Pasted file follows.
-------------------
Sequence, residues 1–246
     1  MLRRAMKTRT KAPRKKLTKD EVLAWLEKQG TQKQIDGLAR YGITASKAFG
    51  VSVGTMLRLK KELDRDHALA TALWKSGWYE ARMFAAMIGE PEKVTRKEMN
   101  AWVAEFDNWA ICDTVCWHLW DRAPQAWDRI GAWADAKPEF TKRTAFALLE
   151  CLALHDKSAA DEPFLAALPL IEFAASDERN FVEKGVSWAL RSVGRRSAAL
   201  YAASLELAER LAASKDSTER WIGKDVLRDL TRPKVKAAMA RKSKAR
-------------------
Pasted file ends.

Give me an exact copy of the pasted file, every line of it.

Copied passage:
Sequence, residues 1–246
     1  MLRRAMKTRT KAPRKKLTKD EVLAWLEKQG TQKQIDGLAR YGITASKAFG
    51  VSVGTMLRLK KELDRDHALA TALWKSGWYE ARMFAAMIGE PEKVTRKEMN
   101  AWVAEFDNWA ICDTVCWHLW DRAPQAWDRI GAWADAKPEF TKRTAFALLE
   151  CLALHDKSAA DEPFLAALPL IEFAASDERN FVEKGVSWAL RSVGRRSAAL
   201  YAASLELAER LAASKDSTER WIGKDVLRDL TRPKVKAAMA RKSKAR